Pop Goes the Culture (Ready Player One review)

Ready Player One is the new blockbuster film from Steven Spielberg, the man responsible for defining what a blockbuster film actual is. Having to follow up hits like Jurassic Park and Indiana Jones, just two of his countless hits, is a monumental task. It is with the biggest smile on my face that I announce that he has managed to add another amazing film to his legendary back catalogue.

Ready Player One, set in 2045, is based on the book by Ernest Cline and tells the story of Wade Watts and his fellow players, who all play an online virtual reality game called the ‘OASIS’. The creator of the game, James Halliday, was a huge pop culture fan, and upon his death he hid three keys inside the game. The player to find those three keys wins control of the OASIS and half a trillion dollars. A treasure hunt of sorts, the characters find themselves racing to find the clues before a selfish rival company win the game and fill it with corporate advertising. That’s about as much plot info as you need, because it’s not the story that makes the film quite so great.

What makes the film so damn cool is that left right and center you’re hit with reference after reference from just about every Film, TV show and Game you could possibly think of. From the Holy Hand Grenade of Antioch, to King Kong chasing a Delorean, to a whole five minutes set inside a perfect replica of the Overlook Hotel, this film is bursting at the seams with pop culture references, but it manages to never get lost in the nostalgia. While all these references are amazing (and boy there are a lot of them), they never distract from the plot, but rather enhance it. Deidre Backs, the films special-projects supervisor, is credited for clearing the licenses to all the properties depicted in the film, and I can only imagine how much work that must’ve been.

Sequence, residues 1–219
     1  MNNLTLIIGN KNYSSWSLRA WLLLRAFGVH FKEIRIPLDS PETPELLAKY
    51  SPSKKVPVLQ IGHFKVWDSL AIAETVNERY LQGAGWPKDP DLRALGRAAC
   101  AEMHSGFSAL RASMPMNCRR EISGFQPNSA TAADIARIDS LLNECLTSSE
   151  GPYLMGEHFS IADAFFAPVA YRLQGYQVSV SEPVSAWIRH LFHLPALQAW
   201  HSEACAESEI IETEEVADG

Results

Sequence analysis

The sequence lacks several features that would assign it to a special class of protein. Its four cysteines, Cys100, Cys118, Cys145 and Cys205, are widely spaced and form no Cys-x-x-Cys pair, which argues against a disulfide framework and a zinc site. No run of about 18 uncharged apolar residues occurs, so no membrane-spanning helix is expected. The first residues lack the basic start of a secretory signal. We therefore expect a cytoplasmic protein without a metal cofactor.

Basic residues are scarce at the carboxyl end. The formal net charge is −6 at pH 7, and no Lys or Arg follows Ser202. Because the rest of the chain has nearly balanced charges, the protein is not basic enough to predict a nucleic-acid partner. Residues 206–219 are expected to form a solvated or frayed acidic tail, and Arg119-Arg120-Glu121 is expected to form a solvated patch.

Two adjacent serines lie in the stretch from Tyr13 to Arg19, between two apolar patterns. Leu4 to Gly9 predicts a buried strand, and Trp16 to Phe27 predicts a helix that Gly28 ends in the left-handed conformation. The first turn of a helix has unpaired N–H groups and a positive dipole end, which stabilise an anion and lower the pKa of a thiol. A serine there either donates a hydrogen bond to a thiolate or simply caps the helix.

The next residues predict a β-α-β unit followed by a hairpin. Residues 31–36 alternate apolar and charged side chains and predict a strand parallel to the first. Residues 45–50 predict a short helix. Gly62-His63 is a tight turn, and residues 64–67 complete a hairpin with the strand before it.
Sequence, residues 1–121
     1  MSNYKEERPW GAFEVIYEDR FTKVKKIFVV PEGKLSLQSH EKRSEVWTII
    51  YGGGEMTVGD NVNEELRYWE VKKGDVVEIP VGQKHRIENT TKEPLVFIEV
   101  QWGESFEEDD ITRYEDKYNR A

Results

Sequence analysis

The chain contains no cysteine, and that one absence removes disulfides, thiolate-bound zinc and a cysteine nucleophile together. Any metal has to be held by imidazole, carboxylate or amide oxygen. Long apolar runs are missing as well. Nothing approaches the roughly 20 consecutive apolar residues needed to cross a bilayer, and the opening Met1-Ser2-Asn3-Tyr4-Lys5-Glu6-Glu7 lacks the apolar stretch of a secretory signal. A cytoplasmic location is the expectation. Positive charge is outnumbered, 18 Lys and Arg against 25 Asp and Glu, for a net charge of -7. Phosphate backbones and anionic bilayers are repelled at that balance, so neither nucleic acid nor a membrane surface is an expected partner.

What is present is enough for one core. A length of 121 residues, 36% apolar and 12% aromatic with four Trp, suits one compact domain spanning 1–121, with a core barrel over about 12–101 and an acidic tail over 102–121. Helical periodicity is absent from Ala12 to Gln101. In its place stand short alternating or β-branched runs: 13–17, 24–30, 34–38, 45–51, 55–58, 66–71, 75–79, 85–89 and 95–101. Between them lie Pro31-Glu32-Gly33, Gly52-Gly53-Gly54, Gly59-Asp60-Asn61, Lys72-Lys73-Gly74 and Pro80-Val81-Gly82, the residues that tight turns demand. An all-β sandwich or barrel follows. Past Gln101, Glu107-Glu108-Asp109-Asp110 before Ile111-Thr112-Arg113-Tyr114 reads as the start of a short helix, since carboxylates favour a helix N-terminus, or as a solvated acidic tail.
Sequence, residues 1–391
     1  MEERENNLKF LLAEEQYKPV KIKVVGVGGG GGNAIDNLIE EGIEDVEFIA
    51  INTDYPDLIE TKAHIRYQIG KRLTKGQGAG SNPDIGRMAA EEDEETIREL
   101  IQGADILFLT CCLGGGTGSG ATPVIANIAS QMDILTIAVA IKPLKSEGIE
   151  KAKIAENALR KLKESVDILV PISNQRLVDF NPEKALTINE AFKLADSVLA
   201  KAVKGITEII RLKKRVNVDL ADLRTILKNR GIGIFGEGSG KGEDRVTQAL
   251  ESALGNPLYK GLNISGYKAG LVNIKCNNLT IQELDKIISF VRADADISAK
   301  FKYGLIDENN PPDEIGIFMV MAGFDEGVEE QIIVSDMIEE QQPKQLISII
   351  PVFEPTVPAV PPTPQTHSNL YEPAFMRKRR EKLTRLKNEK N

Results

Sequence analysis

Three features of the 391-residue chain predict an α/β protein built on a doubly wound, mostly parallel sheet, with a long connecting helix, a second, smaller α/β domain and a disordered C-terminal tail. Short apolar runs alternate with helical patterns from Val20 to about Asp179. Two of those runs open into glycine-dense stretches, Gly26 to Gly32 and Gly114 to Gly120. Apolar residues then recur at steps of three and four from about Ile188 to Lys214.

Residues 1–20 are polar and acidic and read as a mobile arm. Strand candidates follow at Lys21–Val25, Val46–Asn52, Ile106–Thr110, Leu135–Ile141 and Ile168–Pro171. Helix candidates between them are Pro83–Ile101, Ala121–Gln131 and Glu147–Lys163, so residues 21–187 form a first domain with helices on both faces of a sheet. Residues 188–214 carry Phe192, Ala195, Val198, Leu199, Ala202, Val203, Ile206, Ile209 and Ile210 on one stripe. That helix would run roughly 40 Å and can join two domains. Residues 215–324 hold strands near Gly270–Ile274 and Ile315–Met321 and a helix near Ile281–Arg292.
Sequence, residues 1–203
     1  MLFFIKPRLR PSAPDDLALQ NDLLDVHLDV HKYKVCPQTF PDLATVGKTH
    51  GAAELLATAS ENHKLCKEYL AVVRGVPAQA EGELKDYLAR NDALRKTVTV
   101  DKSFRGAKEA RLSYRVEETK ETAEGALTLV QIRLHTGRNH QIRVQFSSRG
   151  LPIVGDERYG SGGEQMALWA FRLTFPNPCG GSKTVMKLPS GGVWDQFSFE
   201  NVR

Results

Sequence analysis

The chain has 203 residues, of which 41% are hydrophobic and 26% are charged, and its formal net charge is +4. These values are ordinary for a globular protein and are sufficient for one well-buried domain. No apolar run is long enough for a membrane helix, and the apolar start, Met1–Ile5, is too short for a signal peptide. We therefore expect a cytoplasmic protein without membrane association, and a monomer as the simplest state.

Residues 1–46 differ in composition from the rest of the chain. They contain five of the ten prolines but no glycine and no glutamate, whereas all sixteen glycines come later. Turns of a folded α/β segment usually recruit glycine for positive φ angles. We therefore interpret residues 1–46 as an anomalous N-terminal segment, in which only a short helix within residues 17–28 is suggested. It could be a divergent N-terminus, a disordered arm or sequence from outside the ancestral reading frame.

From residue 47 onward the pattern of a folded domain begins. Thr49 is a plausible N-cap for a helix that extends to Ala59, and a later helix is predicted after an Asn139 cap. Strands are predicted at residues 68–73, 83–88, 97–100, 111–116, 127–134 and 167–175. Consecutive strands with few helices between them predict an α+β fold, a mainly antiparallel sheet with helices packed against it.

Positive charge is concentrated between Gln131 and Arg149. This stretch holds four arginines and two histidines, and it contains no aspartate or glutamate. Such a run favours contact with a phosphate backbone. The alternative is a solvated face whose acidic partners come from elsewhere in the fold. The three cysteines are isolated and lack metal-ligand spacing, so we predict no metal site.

With such a cool premise, the film’s visuals have to live up to it and I’m glad to say that they really do. Spielberg’s resident editor and cinematographer, Michael Kahn and Janusz Kaminski respectively, have created a brilliant style and pace to the film, and the stunning visual effects are perfectly created to look just like a video game, without ever looking too fake or unrealistic. The music by Alan Silvestri (only the third time a composer other than John Williams has scored for Spielberg) is wonderfully crafted, and he equally includes some pop culture references in his music, most notably crafting in several themes from Back to The Future, which he also scored for.

This film really has everything. A fantastic cast, incredible visuals and an exciting story that never gets lost, despite the thousands of pop-culture references it throws at us. I honestly had a smile on my face the entire time, and could feel my eyes growing bigger and bigger while fixed on the screen. Ultimately, it was a film only ‘Mr Movie’s’ himself could’ve pulled off. It almost feels that Steven Spielberg has been working up to this project. Only he has the legacy, skill and knowledge to pull off such a huge feat, and to watch the master at work once again was an unforgettable experience. People, go see Ready Player One, and prepare to have your mind truly blown.

9 Stars

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